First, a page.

• rate this
    +4

    Comment number 24.

    "19.Appeos
    This all seems like a big rip-off to me. Fast forward a few years and we'll have "Green Deal was mis-sold" compensation ads all over TV"

    It won't be long until we have adverts asking if you think you've been let down by a 'mis-selling' compensation company.

  • rate this
    +5

    Comment number 23.

    I have approached several firms who are advertising green deal, but when you actually ask about the green deal don't do it and try to force you into finance deals, another pie in the sky from a washed out government who no one voted for in the first place, we should follow Australia and have a vote of confidence.

  • rate this
    +3

    Comment number 22.

    The last line says it all "the loan remains with the property not with the individual".

    This makes your house unsaleable or, alternatively, a buyer will only proceed to buy if the seller pays it off from the proceeds of sale thus denting the seller's deposit on the house they are purchasing. Aren't the government trying to get the housing market moving too?

  • rate this
    +15

    Comment number 21.

    I had a "Green Deal" assessment. Complete waste of time! The guy spent about 30 minutes going round the house, asked a few questions and left.

    A couple of week later I got a report saying little I didn't know with "recommendations" showing how by spending £10,000s I could save a few pounds a year - or tie myself up for years with some "Provider".

    I'm not surprised nothing has gone ahead!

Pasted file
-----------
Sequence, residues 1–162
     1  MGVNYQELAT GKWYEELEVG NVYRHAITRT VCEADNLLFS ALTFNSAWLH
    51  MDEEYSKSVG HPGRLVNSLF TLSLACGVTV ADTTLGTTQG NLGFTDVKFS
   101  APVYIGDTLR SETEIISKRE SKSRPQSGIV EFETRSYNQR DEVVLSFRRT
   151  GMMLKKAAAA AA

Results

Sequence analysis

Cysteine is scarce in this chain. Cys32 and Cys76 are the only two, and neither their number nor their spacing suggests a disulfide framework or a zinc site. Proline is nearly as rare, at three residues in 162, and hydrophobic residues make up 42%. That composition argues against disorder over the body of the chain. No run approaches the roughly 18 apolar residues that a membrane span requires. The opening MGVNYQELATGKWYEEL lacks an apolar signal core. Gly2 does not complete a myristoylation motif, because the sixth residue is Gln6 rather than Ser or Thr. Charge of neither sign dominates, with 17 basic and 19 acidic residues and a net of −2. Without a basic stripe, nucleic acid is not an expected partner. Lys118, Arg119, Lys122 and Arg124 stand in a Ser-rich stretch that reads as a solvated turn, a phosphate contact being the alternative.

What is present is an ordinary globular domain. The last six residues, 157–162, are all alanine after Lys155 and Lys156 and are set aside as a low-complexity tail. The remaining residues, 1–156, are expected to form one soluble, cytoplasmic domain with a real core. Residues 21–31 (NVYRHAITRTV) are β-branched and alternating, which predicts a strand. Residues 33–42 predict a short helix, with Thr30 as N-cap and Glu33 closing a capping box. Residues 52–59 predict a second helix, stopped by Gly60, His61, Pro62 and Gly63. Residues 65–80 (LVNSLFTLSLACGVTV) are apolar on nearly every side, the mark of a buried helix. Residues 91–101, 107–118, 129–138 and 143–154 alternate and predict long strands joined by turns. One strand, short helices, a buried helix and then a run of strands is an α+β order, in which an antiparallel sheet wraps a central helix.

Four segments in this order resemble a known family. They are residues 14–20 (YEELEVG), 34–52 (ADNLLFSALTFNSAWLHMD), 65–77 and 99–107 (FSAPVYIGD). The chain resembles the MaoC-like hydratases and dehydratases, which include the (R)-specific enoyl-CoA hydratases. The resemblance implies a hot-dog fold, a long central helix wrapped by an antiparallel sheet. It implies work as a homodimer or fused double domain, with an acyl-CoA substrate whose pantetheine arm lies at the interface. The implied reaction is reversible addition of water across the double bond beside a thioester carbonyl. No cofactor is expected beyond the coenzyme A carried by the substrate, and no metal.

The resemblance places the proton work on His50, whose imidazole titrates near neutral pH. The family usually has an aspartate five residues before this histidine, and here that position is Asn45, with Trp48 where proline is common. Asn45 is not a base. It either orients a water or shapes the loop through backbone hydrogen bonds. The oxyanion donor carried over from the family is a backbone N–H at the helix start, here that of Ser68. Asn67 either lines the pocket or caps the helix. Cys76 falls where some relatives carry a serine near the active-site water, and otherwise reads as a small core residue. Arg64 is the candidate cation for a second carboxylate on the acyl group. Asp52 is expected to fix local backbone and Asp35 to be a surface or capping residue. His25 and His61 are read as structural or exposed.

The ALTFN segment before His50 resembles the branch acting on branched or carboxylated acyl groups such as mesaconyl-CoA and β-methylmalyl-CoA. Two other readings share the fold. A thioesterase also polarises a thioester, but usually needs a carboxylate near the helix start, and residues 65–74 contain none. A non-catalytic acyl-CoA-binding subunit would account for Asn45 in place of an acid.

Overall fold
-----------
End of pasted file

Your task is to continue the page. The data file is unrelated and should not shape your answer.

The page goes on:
• rate this
    +4

    Comment number 20.

    Green Deal HAhahahahahaha!

  • rate this
    +25

    Comment number 19.

    I wonder if this will make selling and renting homes harder in the future, as a quick look at the rules on gov.uk suggests that if a property has a Green Deal in place when you buy it or rent it, you have to take over the repayments, whether you want to or not.

    This all seems like a big rip-off to me. Fast forward a few years and we'll have "Green Deal was mis-sold" compensation ads all over TV.

  • rate this
    +5

    Comment number 18.

    You might be interested to know that despite not being connected with Green Deal in any way, the energy companies are being forced to pick up the tab for billing, collecting and passing the money on. None of them want to do it as it's nothing to do with them, but they have no choice in it.

    Guess who ends up paying for it?

  • rate this
    -4

    Comment number 17.

    @5 How wonderfully tribal of you after the fantastic way Labour ran the economy. Not to mention the Green Iraq initiative it certainly cut their carbon footprint.

  • rate this
    +3

    Comment number 16.

    Over 300,000 buildings are listed in the UK. Many of these have original features, such as windows, which are highly inefficient. But conservation officers would rather a bit of wobbly glass is preserved rather than heat or efficiency. Fixing such archaic rules would be an instant win, unlike the above.

  • rate this
    +7